Extreme sports is a growing industry that is profiting from the human desire to experience the adrenaline rush associated with risk-laden activities. Whether it is racing down a ski hill on a mountain bike, falling from a white water raft, or climbing up a rock face, there is an increased appetite for such thrills. As the appetite grows, the number of private “pay to play” facilities looking to profit from the rush are on the rise — along with injuries and lawsuits.
Government oversight control over the industry is lagging, with few standards to monitor and ensure basic safety requirements and no tracking of the number of injuries. Internal statistics are kept at some facilities, but are kept private. In Ontario, more regulatory controls are in place for carnival carney rides and bouncy castles, through the Technical Standards and Safety Act, then for extreme sports. A fender-bender on a residential road is reported, investigated and statistics kept, but not when a child is rendered a quadriplegic on a dirt bike plateau jump at a privately-run business.
Safety within the extreme sport is left to individual operators, creating a Wild West approach. Most come from an extreme-sports background, and the guiding philosophy that makes the sport extreme is “just do it.” In many instances they adopt a reactive rather than proactive approach to safety, waiting until a participant is seriously injured before implementing safety guidelines and protocols. For this reason, admissibility of post-incident remedial changes plays a crucial role in these types of cases.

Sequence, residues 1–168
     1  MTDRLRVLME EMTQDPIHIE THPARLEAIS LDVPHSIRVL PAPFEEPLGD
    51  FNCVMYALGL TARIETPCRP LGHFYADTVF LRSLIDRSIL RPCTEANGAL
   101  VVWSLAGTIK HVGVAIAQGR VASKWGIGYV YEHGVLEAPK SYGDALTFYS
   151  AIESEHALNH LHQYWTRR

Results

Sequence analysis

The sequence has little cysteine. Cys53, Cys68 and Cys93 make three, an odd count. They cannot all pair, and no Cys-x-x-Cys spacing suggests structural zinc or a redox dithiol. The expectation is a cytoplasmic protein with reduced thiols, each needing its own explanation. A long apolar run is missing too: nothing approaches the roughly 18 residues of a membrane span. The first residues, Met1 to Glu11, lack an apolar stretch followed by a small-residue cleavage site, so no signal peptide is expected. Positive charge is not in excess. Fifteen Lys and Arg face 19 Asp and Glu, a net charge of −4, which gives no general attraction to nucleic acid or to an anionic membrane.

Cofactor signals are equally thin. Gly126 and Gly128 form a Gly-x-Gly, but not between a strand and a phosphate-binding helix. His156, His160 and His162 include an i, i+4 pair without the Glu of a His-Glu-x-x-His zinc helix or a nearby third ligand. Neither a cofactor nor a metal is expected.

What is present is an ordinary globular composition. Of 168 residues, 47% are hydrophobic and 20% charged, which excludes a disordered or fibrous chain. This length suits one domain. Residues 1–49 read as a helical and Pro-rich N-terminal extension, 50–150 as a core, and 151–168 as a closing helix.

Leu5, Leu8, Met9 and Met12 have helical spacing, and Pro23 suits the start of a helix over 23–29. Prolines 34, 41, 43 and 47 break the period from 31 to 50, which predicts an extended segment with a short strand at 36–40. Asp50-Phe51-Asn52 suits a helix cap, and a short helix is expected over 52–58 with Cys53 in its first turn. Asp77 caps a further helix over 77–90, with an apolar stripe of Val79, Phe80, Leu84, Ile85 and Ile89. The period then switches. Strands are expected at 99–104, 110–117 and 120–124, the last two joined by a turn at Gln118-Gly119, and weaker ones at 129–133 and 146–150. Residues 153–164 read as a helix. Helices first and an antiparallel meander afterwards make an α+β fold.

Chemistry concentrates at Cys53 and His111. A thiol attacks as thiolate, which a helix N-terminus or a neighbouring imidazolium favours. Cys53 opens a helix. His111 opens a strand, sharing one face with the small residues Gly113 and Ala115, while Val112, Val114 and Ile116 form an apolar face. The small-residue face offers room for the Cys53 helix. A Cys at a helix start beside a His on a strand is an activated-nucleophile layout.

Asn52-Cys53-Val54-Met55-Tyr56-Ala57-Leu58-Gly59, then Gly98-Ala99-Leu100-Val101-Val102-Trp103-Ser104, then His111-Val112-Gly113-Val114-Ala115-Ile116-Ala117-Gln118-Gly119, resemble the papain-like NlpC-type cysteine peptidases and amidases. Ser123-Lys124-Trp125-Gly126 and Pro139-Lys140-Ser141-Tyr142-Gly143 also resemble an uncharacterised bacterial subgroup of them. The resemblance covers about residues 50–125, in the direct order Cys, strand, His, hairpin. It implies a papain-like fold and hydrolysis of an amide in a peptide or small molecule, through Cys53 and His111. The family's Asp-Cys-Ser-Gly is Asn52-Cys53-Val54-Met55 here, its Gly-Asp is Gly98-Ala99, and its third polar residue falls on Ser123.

For those operators that do adopt a risk-management protocol, it is not always based on safety considerations, but rather is developed by their insurers and based largely on an assumption of defence risk. The focus is on waivers, releases and warning signs, rather than instruction, supervision and safety. The operator is more likely to have video evidence of the waiver-signing than the actual activity taking place, or the resulting injury.
This line of defence may have some limited success with adults, but is not effective with children. While waivers may be legally binding on adult participants, courts have traditionally taken a strict approach to upholding them. In Gallant v Fanshawe College of Applied Arts and Technology (2009) O.J. No. 3977, the court found that any ambiguity in the wording rendered the waiver unenforceable. The terms of the waiver must be expressly understood by the participant. Only in the rarest of cases will a plaintiff genuinely consent to accept the risk of the operator’s own negligence. In the case of children, it is unlikely that a waiver would ever be enforceable. Courts have held that a parent or guardian may not sign away the legal rights of a child, nor do children have legal capacity to sign away their rights.